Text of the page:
Six-time world champion Nicol David has owned women's squash for years and would be a safe bet to bring home Malaysia's first Olympic gold if she could compete in the coming London Games.
But David, 28, is arguably the most dominant athlete who will be denied that chance as her sport remains an Olympic outsider, frustrating her dreams of some day mounting the medal podium.
"It is so heart-breaking when you know this sport has so much to offer and we have got everything it takes to be an Olympic sport," she told AFP.
"It is probably the most all-round sport you can find. To be in the game and not see it (in the Olympics) is so sad."
A Malaysian national heroine, the lightning-quick David has won virtually every title squash has to offer. She is in her seventh year as women's world number one, and has dominated like few athletes have in any sport.
With nothing left to prove on the court, David has made squash's inclusion in the Games a special crusade.
In 2009 she requested the International Olympic Committee accept squash for 2016 in Rio de Janeiro, after an earlier bid for London failed.
But the IOC instead picked golf and rugby -- former Olympic sports during the early 1900s -- for reinstatement at Rio, leaving 2020 as David's likely last chance for a medal.
She will be in her late thirties then, but in an interview at the Nicol David International Squash Centre, a facility in her hometown Penang renamed in her honour two years ago, David vowed to stay fit for 2020.
"I would trade my six world titles for an Olympic gold medal," David said.
"I can't believe I won six world titles. but to actually have one Olympic (gold) medal, it will be great," she added, flashing the wide, girl-next-door smile that has helped make her a media darling in Malaysia.
The high-speed racquet game is played worldwide and is an official sport at international meets like the Commonwealth Games and Asian Games.
The World Squash Federation has thrown its support behind David's Olympic battle, ramping up efforts in recent years to spur global awareness and growth of the sport.
"The players want it and squash enthusiasts all over the world are desperate to see the sport included in the Olympic Games," World Squash Federation Chief Executive Andrew Shelley said in April.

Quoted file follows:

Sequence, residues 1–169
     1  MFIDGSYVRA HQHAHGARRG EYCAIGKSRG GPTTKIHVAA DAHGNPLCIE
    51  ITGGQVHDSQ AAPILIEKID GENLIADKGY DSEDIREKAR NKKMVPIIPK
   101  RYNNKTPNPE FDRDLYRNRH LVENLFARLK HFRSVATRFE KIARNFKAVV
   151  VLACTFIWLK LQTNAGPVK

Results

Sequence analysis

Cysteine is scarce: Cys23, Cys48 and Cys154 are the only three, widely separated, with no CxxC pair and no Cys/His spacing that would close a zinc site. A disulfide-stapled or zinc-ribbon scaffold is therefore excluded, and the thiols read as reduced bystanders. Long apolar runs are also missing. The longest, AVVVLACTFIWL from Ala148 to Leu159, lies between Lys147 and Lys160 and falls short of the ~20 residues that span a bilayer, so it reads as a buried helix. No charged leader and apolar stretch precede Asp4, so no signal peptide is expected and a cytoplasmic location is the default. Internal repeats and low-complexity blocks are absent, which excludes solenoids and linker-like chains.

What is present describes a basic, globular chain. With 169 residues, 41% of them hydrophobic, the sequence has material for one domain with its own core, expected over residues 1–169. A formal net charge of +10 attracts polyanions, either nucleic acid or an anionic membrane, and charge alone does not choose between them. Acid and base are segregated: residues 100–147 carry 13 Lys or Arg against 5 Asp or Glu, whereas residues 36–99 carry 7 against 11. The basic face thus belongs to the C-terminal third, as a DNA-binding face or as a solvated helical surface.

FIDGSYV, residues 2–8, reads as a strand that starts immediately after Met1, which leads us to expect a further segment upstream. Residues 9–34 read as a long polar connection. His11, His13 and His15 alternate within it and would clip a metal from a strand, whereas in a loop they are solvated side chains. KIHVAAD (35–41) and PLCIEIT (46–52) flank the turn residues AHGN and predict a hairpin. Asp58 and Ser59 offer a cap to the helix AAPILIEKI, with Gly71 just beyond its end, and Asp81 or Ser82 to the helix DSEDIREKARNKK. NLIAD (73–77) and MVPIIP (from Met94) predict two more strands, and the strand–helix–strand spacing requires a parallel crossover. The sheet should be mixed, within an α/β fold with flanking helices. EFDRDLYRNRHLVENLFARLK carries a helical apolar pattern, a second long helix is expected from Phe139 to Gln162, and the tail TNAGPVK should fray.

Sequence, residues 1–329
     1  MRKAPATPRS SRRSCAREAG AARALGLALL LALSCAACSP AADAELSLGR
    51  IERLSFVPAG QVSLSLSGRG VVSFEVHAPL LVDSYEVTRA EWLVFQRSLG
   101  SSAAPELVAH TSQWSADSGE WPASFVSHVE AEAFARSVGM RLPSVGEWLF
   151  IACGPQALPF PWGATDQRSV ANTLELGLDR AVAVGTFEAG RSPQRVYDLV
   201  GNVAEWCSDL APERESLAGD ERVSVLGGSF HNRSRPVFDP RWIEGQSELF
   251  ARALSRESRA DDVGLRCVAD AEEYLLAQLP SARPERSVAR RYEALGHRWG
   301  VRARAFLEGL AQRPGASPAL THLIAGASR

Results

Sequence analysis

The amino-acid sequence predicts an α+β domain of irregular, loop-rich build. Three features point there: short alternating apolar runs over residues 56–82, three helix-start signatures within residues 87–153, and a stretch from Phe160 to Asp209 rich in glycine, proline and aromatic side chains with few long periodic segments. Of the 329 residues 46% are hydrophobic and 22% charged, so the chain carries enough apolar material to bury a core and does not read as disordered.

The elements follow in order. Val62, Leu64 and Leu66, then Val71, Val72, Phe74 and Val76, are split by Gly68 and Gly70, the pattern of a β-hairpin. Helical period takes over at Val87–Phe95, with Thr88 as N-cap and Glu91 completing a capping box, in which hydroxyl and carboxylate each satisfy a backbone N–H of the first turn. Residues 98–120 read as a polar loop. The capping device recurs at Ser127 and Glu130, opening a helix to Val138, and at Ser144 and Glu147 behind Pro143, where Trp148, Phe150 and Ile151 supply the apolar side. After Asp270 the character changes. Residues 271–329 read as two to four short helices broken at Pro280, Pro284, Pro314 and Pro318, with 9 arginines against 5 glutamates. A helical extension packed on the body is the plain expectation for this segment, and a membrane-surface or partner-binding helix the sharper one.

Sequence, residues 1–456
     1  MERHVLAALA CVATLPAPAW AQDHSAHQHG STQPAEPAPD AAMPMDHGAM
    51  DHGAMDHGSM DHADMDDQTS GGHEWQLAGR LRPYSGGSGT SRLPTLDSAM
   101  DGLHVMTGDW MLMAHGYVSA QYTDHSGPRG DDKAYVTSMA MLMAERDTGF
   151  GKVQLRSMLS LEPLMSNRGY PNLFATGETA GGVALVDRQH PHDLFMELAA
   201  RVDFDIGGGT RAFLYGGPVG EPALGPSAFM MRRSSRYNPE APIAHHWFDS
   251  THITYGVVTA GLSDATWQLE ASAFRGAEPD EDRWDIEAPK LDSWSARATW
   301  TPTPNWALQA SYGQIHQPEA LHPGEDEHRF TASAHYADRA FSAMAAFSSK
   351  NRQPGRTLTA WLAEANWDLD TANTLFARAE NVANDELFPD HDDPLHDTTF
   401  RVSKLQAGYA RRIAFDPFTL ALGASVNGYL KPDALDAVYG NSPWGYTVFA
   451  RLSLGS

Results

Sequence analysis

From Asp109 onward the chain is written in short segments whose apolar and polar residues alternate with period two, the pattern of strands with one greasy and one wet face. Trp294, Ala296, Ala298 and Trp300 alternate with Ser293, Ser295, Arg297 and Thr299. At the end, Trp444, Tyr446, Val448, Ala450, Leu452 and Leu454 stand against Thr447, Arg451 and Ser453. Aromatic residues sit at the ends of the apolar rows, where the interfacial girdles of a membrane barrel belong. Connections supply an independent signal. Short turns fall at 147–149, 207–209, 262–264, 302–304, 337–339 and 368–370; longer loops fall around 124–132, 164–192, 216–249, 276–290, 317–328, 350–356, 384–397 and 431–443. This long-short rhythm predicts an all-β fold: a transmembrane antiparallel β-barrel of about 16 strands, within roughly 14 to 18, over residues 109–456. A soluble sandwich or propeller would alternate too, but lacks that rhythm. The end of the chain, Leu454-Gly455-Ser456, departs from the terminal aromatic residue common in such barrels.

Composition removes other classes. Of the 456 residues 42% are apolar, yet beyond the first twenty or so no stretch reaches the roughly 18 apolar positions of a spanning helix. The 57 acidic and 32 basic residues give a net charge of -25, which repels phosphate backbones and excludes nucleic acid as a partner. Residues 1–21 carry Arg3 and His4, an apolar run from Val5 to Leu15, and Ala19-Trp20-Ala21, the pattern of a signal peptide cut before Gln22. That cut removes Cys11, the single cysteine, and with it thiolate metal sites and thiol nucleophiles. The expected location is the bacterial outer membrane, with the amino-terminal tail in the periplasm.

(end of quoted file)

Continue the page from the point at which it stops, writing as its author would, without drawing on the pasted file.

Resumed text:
David first picked up a squash racquet at the age of five. Or at least, she tried to -- the wooden racquet was too long for her and dragged along the ground, she said.
A friend's father stepped in, replacing the shaft with lighter aluminium, making the racquet shorter, and launching the career of one of the sport's all-time greats.
Standing 1.63 metres (5 feet 3 inches) tall, David has turned her modest stature into an asset, as she is able to run down low balls that are difficult for her taller European rivals to reach.
In November, David was at her devastating best when she beat England's Jenny Duncalf in just 29 minutes in Rotterdam to become the first six-time women's world champion.
That came a day after her induction to the squash hall of fame in the Dutch city -- the first active player so honoured.
But the Olympic crusade has been less satisfying.
The modest David called her presentations to the IOC for the London and then Rio Games "nerve-wracking" and admitted being near tears when they failed.
But the battle goes on. David travels to promote squash internationally when not competing, and in June she will visit Malawi and Namibia to raise awareness of squash.
The interview over, David took to the court for a workout, ripping the ball at the walls but always in control, her eyes on gold.
"We are not going to give up. We still want to push for 2020," she said.